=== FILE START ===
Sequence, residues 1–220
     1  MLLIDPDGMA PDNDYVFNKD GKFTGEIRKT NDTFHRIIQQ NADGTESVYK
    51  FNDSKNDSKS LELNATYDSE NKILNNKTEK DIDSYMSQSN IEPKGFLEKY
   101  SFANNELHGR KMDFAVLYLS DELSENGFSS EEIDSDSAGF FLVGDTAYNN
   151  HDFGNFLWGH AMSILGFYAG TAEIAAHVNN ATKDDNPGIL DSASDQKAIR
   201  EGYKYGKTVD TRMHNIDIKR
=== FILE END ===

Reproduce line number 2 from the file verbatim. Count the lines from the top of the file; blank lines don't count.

     1  MLLIDPDGMA PDNDYVFNKD GKFTGEIRKT NDTFHRIIQQ NADGTESVYK